Paul contrasts his approach to preaching the gospel (1Cor.1-4) with the Greek rhetorical approach which relied on “persuasive words of wisdom.” Duane Litfin has argued that the significance for us as preachers is that we must not take decision-making from our listeners by employing persuasive techniques that induce a listener to yield a specific response. What we are to do is to induce comprehension of the reality of God’s claim on their life. Thus there may be some aspects of persuasion that are appropriate tools for the preacher, but others that manipulate a response by means of our own power. So here is a question that can be answered comment by comment – when is persuasion actually manipulation? For example, this week I heard a famous speaker build his presentation around a supposedly true story from his experience in another country. That story centered on a very emotive element that seemed to carry an inappropriate amount of influence over the listeners. Whether or not his point was Biblical, I felt uneasy with the tools he used to make his point. Yet at the same time I believe it is important to communicate to the heart and not just the head. So what persuasive tools are legitimate, and what tools are actually manipulative?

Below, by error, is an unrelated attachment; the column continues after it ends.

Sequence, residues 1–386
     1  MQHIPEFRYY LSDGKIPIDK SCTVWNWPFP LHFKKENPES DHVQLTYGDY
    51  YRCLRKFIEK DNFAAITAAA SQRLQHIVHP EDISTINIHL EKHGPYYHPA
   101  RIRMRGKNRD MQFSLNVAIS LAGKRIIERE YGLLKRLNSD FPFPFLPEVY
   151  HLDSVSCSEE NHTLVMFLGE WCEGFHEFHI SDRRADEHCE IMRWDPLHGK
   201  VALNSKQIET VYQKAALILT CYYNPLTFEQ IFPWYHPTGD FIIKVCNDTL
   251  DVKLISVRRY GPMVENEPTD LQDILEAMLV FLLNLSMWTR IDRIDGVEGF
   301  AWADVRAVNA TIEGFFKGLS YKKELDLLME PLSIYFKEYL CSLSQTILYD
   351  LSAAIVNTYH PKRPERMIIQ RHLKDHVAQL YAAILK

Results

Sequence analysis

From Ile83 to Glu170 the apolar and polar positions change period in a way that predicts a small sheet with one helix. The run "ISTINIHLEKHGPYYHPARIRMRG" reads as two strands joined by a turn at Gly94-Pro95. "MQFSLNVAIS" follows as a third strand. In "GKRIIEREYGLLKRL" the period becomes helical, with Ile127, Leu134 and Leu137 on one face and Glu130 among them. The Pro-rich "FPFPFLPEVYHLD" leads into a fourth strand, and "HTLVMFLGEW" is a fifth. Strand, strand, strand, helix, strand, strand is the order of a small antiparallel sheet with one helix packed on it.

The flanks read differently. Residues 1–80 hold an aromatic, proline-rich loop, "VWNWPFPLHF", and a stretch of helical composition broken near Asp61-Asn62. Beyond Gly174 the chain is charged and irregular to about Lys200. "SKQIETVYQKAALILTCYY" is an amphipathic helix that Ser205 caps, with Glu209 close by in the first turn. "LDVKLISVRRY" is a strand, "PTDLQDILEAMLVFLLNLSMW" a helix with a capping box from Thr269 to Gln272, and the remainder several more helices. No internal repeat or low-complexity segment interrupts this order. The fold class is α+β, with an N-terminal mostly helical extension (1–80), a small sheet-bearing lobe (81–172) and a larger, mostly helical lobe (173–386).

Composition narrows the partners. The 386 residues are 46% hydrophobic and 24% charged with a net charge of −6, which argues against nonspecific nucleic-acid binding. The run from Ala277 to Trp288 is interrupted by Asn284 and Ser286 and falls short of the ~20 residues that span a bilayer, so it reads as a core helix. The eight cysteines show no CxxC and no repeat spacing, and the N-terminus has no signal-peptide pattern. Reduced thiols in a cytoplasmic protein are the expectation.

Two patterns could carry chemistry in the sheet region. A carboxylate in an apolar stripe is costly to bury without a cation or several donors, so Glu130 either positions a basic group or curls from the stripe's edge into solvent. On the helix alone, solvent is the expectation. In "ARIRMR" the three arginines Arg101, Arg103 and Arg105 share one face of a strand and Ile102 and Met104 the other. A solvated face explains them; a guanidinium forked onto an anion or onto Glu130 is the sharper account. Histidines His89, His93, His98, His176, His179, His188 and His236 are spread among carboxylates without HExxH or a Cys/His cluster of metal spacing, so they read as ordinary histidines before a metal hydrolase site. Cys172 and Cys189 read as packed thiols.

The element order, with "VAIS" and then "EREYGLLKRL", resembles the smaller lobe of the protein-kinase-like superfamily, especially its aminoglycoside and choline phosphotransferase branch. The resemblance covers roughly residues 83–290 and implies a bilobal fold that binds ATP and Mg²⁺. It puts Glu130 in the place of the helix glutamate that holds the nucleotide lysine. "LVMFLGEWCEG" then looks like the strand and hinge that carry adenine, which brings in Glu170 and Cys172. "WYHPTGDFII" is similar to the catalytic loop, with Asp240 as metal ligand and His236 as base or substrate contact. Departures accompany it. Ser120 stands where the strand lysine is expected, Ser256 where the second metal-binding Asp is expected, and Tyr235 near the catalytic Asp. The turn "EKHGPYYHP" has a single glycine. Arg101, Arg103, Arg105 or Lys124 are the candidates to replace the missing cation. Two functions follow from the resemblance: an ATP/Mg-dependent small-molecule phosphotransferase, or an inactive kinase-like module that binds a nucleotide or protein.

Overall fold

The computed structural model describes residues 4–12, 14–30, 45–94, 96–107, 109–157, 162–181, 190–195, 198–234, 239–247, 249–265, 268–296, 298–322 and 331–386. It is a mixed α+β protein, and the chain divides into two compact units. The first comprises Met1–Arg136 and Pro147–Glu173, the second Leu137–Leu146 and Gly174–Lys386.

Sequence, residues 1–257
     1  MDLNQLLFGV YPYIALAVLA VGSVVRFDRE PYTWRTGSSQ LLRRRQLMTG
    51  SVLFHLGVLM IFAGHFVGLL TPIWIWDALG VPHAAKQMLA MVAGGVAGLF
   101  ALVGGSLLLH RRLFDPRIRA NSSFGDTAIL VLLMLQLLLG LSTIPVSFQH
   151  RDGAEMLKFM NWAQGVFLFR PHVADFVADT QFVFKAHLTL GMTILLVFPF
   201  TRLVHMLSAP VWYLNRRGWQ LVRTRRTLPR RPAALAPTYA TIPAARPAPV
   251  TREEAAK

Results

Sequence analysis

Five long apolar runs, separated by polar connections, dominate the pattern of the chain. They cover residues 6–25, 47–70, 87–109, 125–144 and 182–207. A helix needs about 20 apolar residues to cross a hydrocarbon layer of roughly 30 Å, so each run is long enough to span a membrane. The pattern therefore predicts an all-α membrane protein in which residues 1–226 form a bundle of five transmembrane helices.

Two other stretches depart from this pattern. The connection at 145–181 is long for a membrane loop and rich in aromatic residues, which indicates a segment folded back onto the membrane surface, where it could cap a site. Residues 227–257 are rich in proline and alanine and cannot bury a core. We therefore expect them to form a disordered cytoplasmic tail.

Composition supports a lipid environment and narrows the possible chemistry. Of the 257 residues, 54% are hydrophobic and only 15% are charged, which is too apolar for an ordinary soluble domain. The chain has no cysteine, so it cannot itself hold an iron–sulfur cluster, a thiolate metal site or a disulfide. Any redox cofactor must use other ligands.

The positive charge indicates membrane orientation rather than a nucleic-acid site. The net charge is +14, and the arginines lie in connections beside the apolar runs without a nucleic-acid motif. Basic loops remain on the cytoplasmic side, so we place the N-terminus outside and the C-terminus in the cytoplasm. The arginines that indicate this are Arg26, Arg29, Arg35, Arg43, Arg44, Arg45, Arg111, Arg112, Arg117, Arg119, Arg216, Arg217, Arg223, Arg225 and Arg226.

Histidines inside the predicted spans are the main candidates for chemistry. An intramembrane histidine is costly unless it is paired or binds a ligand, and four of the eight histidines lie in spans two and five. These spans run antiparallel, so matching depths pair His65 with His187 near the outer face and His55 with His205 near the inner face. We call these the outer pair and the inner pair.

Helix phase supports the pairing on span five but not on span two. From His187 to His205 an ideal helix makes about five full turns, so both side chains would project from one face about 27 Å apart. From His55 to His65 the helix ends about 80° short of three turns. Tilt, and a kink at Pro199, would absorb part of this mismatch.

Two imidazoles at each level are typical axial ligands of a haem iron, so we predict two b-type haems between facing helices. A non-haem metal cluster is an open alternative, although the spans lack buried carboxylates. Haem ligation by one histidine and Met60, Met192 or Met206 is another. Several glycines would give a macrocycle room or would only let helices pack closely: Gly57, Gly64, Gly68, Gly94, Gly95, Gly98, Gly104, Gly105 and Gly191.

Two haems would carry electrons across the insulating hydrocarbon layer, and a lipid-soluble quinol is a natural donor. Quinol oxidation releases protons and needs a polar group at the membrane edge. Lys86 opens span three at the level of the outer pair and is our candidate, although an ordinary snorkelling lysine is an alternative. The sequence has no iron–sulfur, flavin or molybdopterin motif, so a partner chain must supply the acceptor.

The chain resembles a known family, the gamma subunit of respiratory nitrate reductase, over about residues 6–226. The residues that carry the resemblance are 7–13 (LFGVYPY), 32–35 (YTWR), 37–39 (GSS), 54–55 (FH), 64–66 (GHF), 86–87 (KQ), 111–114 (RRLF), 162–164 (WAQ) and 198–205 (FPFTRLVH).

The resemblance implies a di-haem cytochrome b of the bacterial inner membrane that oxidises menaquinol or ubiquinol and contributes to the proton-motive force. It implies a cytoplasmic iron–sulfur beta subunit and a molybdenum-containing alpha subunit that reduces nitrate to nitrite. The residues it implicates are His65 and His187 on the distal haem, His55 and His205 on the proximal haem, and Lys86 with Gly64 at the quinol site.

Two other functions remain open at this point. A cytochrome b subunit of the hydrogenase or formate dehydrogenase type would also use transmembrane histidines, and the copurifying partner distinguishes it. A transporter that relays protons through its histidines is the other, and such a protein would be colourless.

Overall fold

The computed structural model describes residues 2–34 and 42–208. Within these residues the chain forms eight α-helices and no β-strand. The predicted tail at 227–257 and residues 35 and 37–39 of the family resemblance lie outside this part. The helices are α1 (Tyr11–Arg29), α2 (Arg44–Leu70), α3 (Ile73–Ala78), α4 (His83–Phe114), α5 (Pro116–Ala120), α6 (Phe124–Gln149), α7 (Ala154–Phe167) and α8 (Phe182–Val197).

(Peter has commented on this post)